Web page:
P039: CARDIOVASCULAR COLLAPSE DURING CESAREAN DELIVERY - WHEN TOO MUCH AIR BECOMES A PROBLEM
Juan Mora, MD, Brooke Ingram, MD; University of Florida - Jacksonville
Introduction: Venous Air Embolism (VAE) a preventable but serious complication, occurs as a result of a pressure gradient between the atmosphere and the venous vasculature that allows air to enter the blood stream.
A small amount of air inside the venous compartment can be easily absorbed, giving no symptoms to the patient. However, in larger doses (3-5ml/kg) it can produce circulatory arrest due to occlusion of the right outflow tract with a mortality rate above 50%.
Diagnosis and monitoring can be done via transesophageal echo, precordial doppler, end-tidal nitrogen, and less accurately by end-tidal CO2. The management depends on the severity of the symptoms and the surgical team should be informed as they can contribute by decreasing the air entrance. In addition, nitrous oxide should be discontinued and 100% oxygen should be delivered to the patient. If needed, CPR should be started along with hemodynamic and ventilatory support.
The incidence of VAE during cesarean delivery is underreported but has been described to be 26-97%. It usually occurs after the delivery and the closure of the hysterotomy. Hypovolemia, deep inspiration, an operative site located at 5 or more centimeters above the right atrium, Trendelenburg position, exteriorization of the uterus, abruptio, placenta previa and uterine incision-to-delivery time higher than 30 seconds were all related with a higher risk for VAE.
Case description: 29-year-old P4G3A0 female with PMH of chronic hypertension, sickle cell trait, and 3 prior cesarean deliveries (requiring general anesthesia in 2 of them due to the failure of neuraxial technique). Her mother died at age 29 due to unspecific “cardiac reasons”.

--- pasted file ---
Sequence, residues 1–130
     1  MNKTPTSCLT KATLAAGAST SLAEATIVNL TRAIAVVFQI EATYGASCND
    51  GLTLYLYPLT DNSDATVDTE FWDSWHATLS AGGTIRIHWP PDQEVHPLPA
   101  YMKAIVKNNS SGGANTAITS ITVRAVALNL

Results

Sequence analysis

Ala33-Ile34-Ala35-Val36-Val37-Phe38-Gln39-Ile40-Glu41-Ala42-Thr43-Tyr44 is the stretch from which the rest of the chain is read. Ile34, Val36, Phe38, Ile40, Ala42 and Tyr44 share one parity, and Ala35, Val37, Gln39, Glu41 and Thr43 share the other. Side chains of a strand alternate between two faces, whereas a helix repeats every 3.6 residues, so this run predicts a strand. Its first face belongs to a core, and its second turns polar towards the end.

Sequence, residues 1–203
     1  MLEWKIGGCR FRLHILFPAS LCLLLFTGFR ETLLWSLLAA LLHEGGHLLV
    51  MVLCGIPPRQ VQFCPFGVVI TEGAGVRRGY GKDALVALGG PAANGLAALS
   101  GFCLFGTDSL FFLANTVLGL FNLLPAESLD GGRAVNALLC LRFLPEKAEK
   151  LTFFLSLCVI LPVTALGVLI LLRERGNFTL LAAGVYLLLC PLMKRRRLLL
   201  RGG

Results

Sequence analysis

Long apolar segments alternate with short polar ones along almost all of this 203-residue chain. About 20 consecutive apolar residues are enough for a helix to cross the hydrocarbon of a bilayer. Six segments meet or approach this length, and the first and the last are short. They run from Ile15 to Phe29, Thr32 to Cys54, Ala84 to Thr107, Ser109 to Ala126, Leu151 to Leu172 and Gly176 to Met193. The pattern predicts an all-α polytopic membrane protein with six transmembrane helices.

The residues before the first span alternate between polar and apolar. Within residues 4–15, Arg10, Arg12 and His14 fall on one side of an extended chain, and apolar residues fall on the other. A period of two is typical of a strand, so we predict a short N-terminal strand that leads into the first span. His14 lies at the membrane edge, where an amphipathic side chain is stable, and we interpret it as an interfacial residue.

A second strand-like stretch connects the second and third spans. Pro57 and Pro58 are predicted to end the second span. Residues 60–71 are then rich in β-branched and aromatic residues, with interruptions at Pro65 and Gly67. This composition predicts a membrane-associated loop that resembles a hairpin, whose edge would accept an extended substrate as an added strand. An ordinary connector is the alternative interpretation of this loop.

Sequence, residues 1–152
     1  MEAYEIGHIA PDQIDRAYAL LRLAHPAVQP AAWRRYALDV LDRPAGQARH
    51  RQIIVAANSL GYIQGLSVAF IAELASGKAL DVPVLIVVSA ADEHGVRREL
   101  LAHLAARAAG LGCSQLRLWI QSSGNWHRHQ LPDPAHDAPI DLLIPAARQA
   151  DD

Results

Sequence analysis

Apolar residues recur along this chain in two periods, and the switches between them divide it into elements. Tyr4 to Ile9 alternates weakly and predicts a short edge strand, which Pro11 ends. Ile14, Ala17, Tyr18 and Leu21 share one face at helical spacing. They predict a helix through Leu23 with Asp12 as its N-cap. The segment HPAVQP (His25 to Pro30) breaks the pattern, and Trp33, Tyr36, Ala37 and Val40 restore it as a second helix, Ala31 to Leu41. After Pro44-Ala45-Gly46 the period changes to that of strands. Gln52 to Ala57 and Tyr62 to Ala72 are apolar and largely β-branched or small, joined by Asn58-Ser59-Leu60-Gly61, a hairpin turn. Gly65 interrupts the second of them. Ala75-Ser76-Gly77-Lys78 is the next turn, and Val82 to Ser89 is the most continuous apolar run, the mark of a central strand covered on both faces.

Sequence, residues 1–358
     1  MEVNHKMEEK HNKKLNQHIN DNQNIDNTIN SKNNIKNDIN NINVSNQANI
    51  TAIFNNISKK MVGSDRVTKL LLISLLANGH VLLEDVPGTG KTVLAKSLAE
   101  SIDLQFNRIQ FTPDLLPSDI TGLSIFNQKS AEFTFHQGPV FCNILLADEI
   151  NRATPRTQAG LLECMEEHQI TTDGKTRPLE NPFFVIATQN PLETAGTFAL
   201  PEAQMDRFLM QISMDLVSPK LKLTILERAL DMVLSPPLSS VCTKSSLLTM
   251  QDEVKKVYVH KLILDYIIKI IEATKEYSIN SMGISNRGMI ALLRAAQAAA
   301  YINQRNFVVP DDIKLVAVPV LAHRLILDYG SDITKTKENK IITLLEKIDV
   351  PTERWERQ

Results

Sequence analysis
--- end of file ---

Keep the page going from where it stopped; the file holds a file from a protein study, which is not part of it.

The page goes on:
She presented for elective repeated C-section at 39 weeks of gestational age. ASA monitors placed and a combined spinal-epidural technique was used with adequate analgesia and no complications. A uterine incision was made and a viable male neonate and placenta were delivered and the uterus was exteriorized and cleaned. Once the obstetrical team started to repair the uterine incision, the patient suddenly became unresponsive with agonal breath, PEA was noted and ACLS protocol commenced, 4 rounds of chest compressions provided, 1mg of IV epinephrine given and an endotracheal tube was placed. Having return of spontaneous circulation to sinus tachycardia after 5 minutes of CPR. The surgical procedure was completed and the patient was transferred to MICU. Head and chest CT, echocardiogram, lower extremities Doppler, EKG, EEG, ABG, and electrolytes, were all within normal limits. The patient was extubated on postoperative day 1, hemodynamically stable, neurologically intact and amnestic to the event. She was discharged home on postoperative day 4.
Conclusion: Females undergoing cesarean delivery are at high risk of having a VAE event. Adequate perioperative monitors aimed to detect VAE are rarely used, and because the majority of the times the amount of air is not big enough, the patients remain asymptomatic and the VAE episode is unrecognized. Special precautions and preventive actions should be taken to avoid an unfortunate bad outcome, active communication with the patients and the obstetrical team is necessary for the adequate management of this situations.